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Welcome to the world though my eyes. I'm an internationally published travel writer and photographer who has travelled to 70+ countries, and has tried to capture some of that along the way. Travel means the world to me, and my goal is to offer tips and advice to help you feel the same! 

The One Food You Must Try in...Bosnia and Herzegovina!

The One Food You Must Try in...Bosnia and Herzegovina!

I haven't even left Bosnia and Herzegovina yet, and I'm already prepared to make the statement about the one food you must try here. For those who don't know, this is the third instalment of the One Food Series, so feel free to check out the other two if you're interested with the link just to the left! What I was trying to previously suggest is that I've still got about 27 hours left in this country, and I just know that nothing I try will take the gold medal from the food I'm about to "unveil." I must apologise to my vegetarian and vegan readership with this one (as, you may note, I had to with Romania as well). 

As I walked down the streets of Sarajevo yesterday on a perfect spring day, I kept seeing this one particular dish that, shall we say, "called to me." It's not too dissimilar from a dish I appreciate in Turkey, but this really has its own flare and flavour. 

The One Food You Must Try in Bosnia and Herzegovina is...cevapi or ćevapčići!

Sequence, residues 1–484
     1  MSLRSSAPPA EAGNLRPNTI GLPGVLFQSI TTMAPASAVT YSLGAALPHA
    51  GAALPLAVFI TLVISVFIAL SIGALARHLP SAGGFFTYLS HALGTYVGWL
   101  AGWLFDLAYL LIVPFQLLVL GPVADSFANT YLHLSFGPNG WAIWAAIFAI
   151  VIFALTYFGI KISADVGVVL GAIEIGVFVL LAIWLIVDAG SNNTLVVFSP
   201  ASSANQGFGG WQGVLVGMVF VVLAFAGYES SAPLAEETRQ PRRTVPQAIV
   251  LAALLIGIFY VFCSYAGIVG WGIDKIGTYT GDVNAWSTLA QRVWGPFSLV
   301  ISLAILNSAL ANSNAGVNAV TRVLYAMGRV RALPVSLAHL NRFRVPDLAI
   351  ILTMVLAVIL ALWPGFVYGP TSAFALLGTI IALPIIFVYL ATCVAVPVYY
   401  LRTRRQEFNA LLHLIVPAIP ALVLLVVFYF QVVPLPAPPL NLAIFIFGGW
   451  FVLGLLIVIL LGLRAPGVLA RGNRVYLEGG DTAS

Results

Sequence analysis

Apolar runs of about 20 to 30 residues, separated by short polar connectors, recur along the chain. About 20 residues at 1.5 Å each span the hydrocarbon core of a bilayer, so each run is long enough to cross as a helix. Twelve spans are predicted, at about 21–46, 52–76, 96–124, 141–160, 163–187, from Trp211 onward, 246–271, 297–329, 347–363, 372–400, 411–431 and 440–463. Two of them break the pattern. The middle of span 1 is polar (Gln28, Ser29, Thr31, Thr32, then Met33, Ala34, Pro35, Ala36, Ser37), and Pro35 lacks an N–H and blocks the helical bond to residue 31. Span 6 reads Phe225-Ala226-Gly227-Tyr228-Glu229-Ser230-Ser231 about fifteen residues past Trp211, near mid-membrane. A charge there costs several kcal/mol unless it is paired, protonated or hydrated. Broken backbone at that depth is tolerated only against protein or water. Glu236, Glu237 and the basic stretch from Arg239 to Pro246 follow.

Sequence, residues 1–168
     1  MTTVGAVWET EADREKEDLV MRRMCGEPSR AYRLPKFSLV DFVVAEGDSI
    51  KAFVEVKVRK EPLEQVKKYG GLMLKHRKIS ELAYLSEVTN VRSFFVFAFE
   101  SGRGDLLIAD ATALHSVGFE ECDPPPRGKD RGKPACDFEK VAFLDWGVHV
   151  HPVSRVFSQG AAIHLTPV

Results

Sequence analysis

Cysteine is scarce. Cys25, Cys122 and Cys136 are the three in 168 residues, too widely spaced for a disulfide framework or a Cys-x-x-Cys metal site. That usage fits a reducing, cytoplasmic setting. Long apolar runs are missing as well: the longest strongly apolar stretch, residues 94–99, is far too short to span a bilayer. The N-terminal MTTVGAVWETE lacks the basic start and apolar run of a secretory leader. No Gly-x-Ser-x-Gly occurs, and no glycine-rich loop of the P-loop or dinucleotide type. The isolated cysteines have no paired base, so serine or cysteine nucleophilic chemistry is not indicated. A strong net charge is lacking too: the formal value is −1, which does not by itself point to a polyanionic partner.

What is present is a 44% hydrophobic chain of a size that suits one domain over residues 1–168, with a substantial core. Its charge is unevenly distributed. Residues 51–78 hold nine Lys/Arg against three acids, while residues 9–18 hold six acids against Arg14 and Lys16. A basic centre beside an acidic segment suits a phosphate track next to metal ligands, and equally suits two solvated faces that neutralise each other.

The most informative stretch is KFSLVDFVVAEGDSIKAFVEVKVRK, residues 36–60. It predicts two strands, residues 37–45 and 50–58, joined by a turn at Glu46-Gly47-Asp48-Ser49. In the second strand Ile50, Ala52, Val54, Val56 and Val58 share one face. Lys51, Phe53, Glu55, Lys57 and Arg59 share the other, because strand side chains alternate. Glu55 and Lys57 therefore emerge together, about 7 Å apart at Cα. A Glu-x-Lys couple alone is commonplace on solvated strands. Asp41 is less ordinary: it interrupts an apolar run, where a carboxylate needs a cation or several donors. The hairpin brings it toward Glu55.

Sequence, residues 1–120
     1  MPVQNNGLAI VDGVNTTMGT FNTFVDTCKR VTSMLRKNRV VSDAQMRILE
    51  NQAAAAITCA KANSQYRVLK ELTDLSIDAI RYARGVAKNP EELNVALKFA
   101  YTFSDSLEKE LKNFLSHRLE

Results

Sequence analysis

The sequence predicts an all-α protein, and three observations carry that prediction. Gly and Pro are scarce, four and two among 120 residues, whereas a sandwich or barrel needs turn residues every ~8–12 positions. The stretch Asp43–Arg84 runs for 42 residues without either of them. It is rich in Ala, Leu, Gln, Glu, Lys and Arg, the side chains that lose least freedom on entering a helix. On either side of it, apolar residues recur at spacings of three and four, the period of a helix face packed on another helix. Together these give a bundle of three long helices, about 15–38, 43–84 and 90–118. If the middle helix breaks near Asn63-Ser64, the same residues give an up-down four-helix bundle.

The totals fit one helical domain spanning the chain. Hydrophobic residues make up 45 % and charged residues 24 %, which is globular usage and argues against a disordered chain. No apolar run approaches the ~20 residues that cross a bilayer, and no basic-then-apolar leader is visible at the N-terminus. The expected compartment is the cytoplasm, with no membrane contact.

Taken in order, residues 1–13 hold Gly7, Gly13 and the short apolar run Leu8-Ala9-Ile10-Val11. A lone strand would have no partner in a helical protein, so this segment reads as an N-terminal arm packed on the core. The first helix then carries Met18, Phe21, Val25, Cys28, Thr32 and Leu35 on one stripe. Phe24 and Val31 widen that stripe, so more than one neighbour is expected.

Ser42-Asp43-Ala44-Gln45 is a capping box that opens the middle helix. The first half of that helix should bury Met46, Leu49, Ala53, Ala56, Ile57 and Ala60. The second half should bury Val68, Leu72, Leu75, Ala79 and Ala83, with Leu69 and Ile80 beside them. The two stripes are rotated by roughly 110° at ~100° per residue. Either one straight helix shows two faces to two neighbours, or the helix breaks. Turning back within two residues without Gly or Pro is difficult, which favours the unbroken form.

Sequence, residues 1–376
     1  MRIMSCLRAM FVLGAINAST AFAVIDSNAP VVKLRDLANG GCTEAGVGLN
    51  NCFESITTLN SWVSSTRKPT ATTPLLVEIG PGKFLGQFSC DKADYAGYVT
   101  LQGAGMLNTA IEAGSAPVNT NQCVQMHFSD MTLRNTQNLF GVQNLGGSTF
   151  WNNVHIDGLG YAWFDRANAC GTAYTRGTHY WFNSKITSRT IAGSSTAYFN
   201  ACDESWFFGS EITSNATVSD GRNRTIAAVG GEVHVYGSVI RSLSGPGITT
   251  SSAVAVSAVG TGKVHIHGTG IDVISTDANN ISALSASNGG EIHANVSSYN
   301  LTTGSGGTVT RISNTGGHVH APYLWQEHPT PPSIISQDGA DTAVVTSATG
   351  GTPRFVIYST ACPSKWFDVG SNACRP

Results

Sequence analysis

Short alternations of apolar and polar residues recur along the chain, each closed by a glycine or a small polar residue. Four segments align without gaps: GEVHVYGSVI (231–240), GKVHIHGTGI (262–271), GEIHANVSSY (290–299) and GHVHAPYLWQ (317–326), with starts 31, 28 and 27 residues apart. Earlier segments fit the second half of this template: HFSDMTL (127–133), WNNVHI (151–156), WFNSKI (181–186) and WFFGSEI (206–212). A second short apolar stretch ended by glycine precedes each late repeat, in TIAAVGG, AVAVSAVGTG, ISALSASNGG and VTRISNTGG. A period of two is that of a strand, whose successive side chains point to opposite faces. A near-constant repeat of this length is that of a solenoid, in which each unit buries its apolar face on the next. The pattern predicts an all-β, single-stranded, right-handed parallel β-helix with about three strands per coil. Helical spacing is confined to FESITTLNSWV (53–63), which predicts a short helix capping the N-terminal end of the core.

cevap or cevapcici from Bosnia and Herzegovina 

It's pretty much what you think it is...but then again, it's so much more. The "skinless sausages" are formed from two types of minced beef - I don't know the specifics but I'm guessing one is "delicious" and the other is "more delicious." Together, like the Power Rangers combined robot, it's a dangerous thing of beauty. 

On their own, these minced beef torpedoes would be sumptuous, but when you ensure that they're served in between a soft, fresh pita-like pocket, and that bread is buttered and lightly grilled on either side, well then you're just inviting people to never leave the restaurant. If that wasn't enough, on the side it's typically served with onions and "kajmak." It's funny, in Turkey "kaymak" is a sweet clotted cream and is often served with honey, but in the Baltics, "kajmak" is actually more sour and cheese-like (think ultra smooth feta meets sour cream.) For someone like me, who prefers savoury over sweet, it's a life changer. Personally, I put the onions and kajmak into it, and sort of attacked it with my knife and fork, but I did have a small inclination to pick it up like the world's most messy, glorious burger and see what happened. You can be the judge about what's best when the time comes for you.

If you get to Bosnia and Herzegovina, do not leave without trying this - I'm serious (with all due respect to veggies and vegans.) On that note, I better get back out there and squeeze in a few touristy stops to justify my next Cevapi. And trust me, they'll certainly be another. I'll leave you with a photo taken yesterday in Mostar just after we'd first tried this dish. Can you see the satisfaction and happiness? 

Bri and I atop Mostar's iconic Old Bridge. 

Bri and I atop Mostar's iconic Old Bridge. 

Have you been to Bosnia and Herzegovina? What'd you think? Have you tried this particular dish? Do you agree or disagree with me? Feel free to include any, all, or none of these thoughts in the comments below. Either way, I'd love to know what you think! 

Cevapi Photo credit: Jakob Gibbons via VisualHunt /  CC BY-NC

 

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